Editorial: Cawthorn's antics degrade Congress, disrespect his western N.C. constituents

Posted August 3, 2021 5:00 a.m. EDT

Madison Cawthorn is one of the youngest member of Congress in modern history, according to US House records.

CBC Editorial: Tuesday, Aug. 3, 2021; Editorial #8690
The following is the opinion of Capitol Broadcasting Company.

What kind of representation in the halls of the U.S. House of Representatives and the state General Assembly do North Carolinians get as a result of the Republican majority in the legislature’s extraordinary success at extreme gerrymandering of congressional and legislative districts?

Madison Cawthorn, who has represented the state’s 11th Congressional District for a mere seven months, is what.

How he’s represented his community and the state in those 210 days? Just read the headlines:

The Associated Press even featured him in its weekly “Not Real News” round up: “Some posts online falsely claim the (door-to-door) campaign (to encourage people to get COVID vaccinations) … has a hidden agenda that will lead to guns or Bibles being confiscated. … North Carolina Rep. Madison Cawthorn echoed such claims. ‘Think about the mechanisms they would have to build to be able to actually execute that massive of a thing. They could then go door to door and take your guns. They could go door to door and take your Bibles.’”

All that, and it’s just the most recent month’s worth!

Imagine -- a member of Congress tries to bring a gun on a plane! He launches a public shouting match with a fellow Republican representative – on the House floor -- and gets slapped with an ethics complaint!

It is a record of disrespect to the institution as well as ill-mannered behavior toward his colleagues; reckless disregard for the truth; and a stunning lack of decency and decorum.

His seat in Congress is the inevitable result of election districts so drastically gerrymandered that the lack of competition leads to candidates who are unexamined, embarrassingly unqualified and lack commitment to the responsibilities of elective representation.

Cawthorn was elected by 55% of the people who voted in his district after he misled them about: the auto accident that left him paralyzed; plans to attend the Naval Academy; and the academic record at a college he briefly attended.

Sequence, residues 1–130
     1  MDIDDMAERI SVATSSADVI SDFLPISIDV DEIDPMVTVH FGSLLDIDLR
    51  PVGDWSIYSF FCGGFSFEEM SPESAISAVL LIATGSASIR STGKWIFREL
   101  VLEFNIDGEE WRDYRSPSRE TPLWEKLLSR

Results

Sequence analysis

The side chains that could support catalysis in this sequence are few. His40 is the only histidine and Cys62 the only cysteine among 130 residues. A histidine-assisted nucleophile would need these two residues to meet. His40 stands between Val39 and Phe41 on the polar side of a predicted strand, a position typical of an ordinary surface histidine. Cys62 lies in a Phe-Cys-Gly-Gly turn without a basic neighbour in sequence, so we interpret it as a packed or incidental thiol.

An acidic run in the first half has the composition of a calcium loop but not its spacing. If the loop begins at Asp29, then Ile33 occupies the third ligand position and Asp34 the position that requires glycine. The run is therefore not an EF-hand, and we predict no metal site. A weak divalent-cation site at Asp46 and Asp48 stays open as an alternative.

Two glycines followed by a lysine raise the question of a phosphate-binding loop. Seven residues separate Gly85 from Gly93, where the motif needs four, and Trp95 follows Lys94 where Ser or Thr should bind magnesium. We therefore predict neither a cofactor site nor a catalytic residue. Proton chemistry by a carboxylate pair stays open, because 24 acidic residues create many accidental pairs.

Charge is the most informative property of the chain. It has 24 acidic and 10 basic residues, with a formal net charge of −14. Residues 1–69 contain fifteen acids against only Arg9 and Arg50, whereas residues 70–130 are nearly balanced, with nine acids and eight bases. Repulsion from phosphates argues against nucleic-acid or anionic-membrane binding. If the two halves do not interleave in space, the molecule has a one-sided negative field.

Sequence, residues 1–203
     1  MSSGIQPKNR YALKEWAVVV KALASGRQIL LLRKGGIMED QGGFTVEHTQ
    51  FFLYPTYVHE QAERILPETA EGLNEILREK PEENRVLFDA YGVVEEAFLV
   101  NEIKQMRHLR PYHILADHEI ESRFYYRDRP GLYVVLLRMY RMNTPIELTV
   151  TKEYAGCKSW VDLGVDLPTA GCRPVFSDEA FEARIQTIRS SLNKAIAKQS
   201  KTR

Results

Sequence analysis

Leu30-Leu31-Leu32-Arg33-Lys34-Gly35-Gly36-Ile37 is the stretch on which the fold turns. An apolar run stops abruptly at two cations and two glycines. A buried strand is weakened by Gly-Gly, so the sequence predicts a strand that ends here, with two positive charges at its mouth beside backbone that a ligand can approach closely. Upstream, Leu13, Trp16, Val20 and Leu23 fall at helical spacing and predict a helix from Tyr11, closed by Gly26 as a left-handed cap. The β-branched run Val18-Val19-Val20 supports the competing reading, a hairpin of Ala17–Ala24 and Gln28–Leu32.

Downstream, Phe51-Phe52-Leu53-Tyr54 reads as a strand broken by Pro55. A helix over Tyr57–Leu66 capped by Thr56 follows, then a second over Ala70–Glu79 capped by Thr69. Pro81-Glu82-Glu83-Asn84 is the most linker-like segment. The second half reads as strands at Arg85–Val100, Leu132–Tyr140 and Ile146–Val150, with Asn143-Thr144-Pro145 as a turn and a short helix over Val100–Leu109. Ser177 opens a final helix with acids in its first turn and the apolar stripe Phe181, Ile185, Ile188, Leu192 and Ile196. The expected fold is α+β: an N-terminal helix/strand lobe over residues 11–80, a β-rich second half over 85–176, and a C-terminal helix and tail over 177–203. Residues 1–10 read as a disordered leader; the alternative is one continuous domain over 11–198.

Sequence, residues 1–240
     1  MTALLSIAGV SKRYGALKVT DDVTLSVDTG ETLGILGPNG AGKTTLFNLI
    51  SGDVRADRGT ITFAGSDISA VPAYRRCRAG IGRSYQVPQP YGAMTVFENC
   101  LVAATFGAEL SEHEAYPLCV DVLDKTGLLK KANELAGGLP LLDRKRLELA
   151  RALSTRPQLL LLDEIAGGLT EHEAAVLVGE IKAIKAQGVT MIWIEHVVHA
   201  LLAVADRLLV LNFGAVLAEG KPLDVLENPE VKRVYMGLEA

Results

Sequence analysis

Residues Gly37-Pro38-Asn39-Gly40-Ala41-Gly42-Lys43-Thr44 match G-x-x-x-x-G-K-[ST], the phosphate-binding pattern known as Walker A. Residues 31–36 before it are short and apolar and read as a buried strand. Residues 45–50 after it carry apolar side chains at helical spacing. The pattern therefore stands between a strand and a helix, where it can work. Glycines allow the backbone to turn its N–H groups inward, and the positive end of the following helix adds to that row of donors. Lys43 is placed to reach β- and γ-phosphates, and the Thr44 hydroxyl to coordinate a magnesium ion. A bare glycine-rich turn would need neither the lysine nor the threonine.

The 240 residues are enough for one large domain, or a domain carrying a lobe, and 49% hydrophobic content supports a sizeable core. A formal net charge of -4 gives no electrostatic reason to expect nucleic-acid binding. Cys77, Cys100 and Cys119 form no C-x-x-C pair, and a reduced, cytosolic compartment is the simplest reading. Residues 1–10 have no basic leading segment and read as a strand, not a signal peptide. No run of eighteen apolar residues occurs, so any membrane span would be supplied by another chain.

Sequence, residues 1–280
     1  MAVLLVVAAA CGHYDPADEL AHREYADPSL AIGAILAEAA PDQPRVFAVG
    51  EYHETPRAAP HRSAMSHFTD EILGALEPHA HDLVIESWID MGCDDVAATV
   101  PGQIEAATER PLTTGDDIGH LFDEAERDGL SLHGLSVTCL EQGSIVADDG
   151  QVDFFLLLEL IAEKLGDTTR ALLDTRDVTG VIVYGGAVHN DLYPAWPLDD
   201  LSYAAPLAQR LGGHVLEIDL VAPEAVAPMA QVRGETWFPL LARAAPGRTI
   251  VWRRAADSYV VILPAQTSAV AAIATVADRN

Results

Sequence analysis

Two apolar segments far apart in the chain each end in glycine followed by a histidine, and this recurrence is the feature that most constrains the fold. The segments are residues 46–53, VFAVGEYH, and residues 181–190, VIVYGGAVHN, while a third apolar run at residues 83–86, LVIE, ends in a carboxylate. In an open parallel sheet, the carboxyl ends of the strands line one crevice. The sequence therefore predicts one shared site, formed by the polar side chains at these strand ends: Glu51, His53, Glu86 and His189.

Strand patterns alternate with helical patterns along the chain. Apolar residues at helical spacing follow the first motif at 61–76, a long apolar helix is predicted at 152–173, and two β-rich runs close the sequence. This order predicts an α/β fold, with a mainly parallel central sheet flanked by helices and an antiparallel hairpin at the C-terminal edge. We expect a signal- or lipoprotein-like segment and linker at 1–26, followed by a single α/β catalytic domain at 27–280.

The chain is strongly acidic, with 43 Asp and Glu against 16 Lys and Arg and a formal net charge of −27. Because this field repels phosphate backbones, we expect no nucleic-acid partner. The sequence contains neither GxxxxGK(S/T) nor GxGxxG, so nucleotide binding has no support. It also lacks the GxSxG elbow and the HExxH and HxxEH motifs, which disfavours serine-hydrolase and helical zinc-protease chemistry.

Elections have become so lopsided that, since 2012, Republicans have won slightly better than 50 percent of the votes cast in U.S. House of Representatives elections yet have, until last year, occupied 77% of the 13 seats. In 2020, they won 62% of the seats. It is a stark contrast to the state’s congressional representation a decade earlier.

Let’s be clear. Cawthorn, as much as anyone, is responsible for his own selfish and abhorrent behavior. The voters who put him into office should expect and deserve better than a grown-up version of juvenile delinquent. They, too, shoulder some responsibility.

But it is a fractured system – the hyper-gerrymandering – that enables and emboldens Cawthorn’s out-of-control antics.

There’s no evidence that Cawthorn will somehow adjust this behavior. That is to the detriment of those he represents in the western part of the state and all North Carolinians.

Those who helped him become a representative of the people need to disavow his antics.

Republicans, as well as Democrats and unaffiliated voters, need to start now to put a limit to his service and offer up potential replacements who -- regardless of political affiliation or ideology -- will treat their constituents and the institutions they’ll have the opportunity to serve with honesty, respect and dedication.

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